I know you both share a love of the outdoors and find inspiration in nature. While these redwood trees may appear to stand alone, it is their closeness to each other and their shared canopy, which allows them to hold the water they need for life. Their roots spread wide and tangle, and the trees lean on each other for support. So like the shared grove of redwood trees, in your marriage there will be a deeper weave of your lives together. And just as you are connected to each other, you are also connected to a higher force the universal human spirit that is greater than both of you together. May this loving power guide you and help you to always strive to meet your commitment to each other with the same love and devotion that you possess here today.

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After our ceremony we dropped about 250 announcements in the mail to let people know what had occurred. Here is the text:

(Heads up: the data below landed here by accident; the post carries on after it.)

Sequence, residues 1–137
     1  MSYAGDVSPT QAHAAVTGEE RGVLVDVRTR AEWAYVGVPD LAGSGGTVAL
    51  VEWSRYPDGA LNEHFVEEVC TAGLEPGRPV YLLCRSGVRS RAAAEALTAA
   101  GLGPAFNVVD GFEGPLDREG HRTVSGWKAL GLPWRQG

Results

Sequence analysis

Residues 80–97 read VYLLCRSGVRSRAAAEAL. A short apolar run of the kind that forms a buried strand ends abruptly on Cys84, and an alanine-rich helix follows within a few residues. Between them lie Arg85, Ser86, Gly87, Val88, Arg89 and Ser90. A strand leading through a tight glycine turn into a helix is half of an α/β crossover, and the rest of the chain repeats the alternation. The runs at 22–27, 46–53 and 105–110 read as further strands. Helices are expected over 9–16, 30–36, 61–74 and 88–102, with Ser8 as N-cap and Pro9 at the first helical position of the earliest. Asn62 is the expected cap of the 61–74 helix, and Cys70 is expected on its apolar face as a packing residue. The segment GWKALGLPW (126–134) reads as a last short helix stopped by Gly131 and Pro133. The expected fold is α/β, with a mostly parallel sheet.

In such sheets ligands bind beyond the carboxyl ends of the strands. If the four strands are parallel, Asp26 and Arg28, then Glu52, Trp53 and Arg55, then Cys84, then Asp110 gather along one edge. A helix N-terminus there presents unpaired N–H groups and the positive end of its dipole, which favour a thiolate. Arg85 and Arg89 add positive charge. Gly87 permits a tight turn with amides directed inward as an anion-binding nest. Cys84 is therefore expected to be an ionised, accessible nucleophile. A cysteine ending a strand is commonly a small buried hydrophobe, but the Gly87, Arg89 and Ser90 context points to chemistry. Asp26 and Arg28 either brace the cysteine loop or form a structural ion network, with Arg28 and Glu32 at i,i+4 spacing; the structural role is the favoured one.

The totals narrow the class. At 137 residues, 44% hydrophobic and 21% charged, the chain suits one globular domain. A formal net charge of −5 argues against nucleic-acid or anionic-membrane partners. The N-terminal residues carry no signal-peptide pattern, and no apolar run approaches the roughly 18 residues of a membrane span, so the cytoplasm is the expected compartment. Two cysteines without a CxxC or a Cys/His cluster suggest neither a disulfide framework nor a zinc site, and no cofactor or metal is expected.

Anne and Stewart would like to share our joyous news.
After spending the last three years together in love, we got married on February 28, 2010, in a private ceremony. We exchanged our vows in the idyllic setting of Roy's Redwoods, a small old-growth forest near the rural West Marin town of San Geronimo, CA. Ian joined us on our high-spirited wedding day as best man. We are thrilled about spending the rest of our lives together blissfully as husband and wife. How sweet it is!

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Our biggest challenge: My biggest challenge was wrapping my head around getting married without all the hoopla that sometimes goes with it. Our families were disappointed that they were not invited, but our marriage is about us. Society has an incredible way of influencing what we think and how we think it. I don't watch TV or read the newspapers or magazines and yet, from when I was younger, I thought that a marriage started with a big party, a white dress, and a honeymoon. How hard it is to peel off all those layers to find what is real for each of us.